China aims to quadruple solar installations by 2020

Bullish projection brings relief to panel manufacturers, while Agricultural Bank of China issues US$1 billion green bond

Solar panels flank a bamboo house at Tongji University, Shanghai (Flickr/Ministerio de Fomento)

Solar panels flank a bamboo house at Tongji University, Shanghai (Flickr/Ministerio de Fomento)

By Megan Darby

China’s solar power capacity is set to more than quadruple by the end of the decade, national media reported on Tuesday.

By 2020, the National Energy Agency expects installations to reach 150GW, Xinhua revealed. That is up from 35.8GW in June 2015.

Beijing has already upped its target for this year by 30%, Reuters reported, raising concerns about whether the grid can cope. Nearly a tenth of solar power generated in the first six months couldn’t be delivered due to network constraints, the NEA said.

But with the agency promising policies to support power connections, the bullish plans for domestic generation could bring relief to solar panel manufacturers struggling with stock market turmoil and an economic slowdown.

They reinforce a target to deliver 20% of the country’s energy from non-fossil fuel sources by 2030.

Report: Wind company raises $300m in first Chinese green bond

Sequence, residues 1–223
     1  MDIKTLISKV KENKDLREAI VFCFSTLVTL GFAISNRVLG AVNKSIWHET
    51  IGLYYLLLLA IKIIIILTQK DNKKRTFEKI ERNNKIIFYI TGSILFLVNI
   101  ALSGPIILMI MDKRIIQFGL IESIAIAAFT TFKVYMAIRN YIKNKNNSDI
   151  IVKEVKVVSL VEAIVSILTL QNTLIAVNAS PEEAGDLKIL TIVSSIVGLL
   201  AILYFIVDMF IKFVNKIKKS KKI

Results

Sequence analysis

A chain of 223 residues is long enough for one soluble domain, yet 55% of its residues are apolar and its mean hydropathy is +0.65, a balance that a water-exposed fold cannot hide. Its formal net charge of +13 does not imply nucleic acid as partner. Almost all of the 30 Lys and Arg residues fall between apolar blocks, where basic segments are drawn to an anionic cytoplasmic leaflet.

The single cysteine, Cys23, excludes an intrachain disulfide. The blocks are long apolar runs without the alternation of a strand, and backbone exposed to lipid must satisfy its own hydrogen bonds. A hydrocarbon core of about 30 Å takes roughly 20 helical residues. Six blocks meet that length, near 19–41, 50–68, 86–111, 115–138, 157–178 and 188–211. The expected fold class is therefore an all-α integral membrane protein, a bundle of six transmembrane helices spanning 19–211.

Also on Tuesday, Agricultural Bank of China issued almost US$1 billion worth of green bonds, raising funds to tackle air pollution and support renewable energy.

Following a $300 million issue from wind company Goldwind in July, it is the country’s first green bond to emerge from a bank.

Demand for the sustainable investment, which is to yield a 4.15% annual return, exceeded supply by four times.

Mark Follett, analyst at JP Morgan, told Finance Asia: “There is a growing focus on green finance initiatives in China after the Chinese central bank suggested setting up a green financial system to help contain the cost of pollution.”

Set alongside an Indian target to install 100GW of solar by 2022, China’s goal confirms Asia as a significant growth market.

Michael Liebreich, chair of Bloomberg New Energy Finance, this week told a conference in London the energy market was entering an “age of plenty”.

Falling shale gas costs showed cheap fossil fuels were here to stay, even as solar increased its market share, he said.



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